“Same dream?” a voice asks me, placing a soft hand on my shoulder. My heart beat calms down. Yet as I acknowledge the presence of my family and reassure them I am going to be alright… I sense his presence. Why is he here? I wonder… Will I ever be free from him? For forty years since that day, I have been haunted by that memory. By his twisted smile. By his calm eyes. His question that I still don’t have the answer to. Did I lose faith in myself, or the system?

As my eyelids begin to droop, I am thankful that I don’t need to look for that answer anymore. I hear gasps around me, and flatlining. It must be me. He holds his arms out wide. As he embraces me, I think that if I could feel… I would have surely broken down. This man, the bane of my existence, the ghost of my past has now become my saviour. He has freed me. As I am walking with him, a sweet fragrance envelops us and I feel a lightness of being… like never before.

The Window and the Great White Bird

I looked through the shimmering glass window. I saw her ornate writing desk, half opened like someone had gone through it looking for something. A lot of things I remembered placing there were missing. A few journals, I think. There were a few loose sheafs of paper. I recognised her handwriting. Those were my words, in a different time. The Sun was setting in the distance, I looked to my right side. The bed so perfectly made. Mine. But it wouldn’t be slept in, it had not been. For a long time. Briefly I considered just that. I sat there and soaked in the room. My one and only chance to see it. This wasn’t my time. I had to go back after all.

I closed my eyes. I remembered. She walked around, she seemed restless. She had never been more alone, but she had also never felt more free as she looked at the elephant that seemed to have materialised before her. The elephant didn’t seem afraid of her, she felt calm looking at it. She walked towards it. It sat down, so did she. She stroked it gently. Murmured words of comfort, and also relaying her predicament. How strange, she thought… That a creature she had only encountered a while ago should make her feel so safe, as though everything was going to be just fine. She sat down, her back resting against the elephant and closed her eyes. And waited. I felt the hours pass by. I knew what was coming. Sure enough, there appeared a white bird in the sky, the wings flapping majestically. The bird rose up towards the Sun, as though to devour it. There was a great explosion of light, like a canopy of shimmering fragments of diamonds enveloping the entire forest they were in. She rose, she was free.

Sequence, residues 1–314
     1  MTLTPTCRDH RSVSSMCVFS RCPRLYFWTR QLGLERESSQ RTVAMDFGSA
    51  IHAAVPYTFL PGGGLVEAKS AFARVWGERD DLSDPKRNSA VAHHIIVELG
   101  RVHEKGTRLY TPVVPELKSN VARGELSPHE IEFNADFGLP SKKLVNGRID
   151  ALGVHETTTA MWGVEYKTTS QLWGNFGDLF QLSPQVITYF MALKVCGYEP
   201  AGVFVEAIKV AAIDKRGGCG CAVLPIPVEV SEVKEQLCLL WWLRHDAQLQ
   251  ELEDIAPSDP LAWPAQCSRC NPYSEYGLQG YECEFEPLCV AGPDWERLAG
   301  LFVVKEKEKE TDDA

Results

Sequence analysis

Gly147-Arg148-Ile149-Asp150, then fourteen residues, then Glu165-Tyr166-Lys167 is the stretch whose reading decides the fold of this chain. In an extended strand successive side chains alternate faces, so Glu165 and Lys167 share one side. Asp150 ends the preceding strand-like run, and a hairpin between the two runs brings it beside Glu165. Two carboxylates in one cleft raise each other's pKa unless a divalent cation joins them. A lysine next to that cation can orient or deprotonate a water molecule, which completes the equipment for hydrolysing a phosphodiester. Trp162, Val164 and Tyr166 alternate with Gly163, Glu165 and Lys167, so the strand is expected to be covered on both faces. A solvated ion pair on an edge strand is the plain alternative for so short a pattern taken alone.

She had arrived at the beach. She watched as the waters lapped at her feet gently, an ever present cool breeze playing with her curls, casting them about hither and thither. She opened her arms wide and received all of it, smiling serenely.

It was at once, the most peaceful and the most heartbreaking thing I had ever seen. I wanted to see no more, I opened my eyes. My eyes flooded with joy and envy, I know not if those tears running down my cheeks were mine or hers. It does not matter.

Here I am. Once again. Till the great white bird comes, I bid you all adieu!

Free Writing – piece 1

Yesterday, the sixteenth of July 2017 I attended a writing workshop conducted by Rohini Malur and Queer Arts Movement India (QAMI). I had a great time, meeting new people and an adorable dog that wandered in. So, the workshop began with a free writing exercise, sort of stretching out the mental muscles in order to keep them limber and flexible before embarking on the journey, for the day. The only rule we had was that we had to write without pause. The topic was Movie Character. The timer was set for five minutes, and here is what I wrote: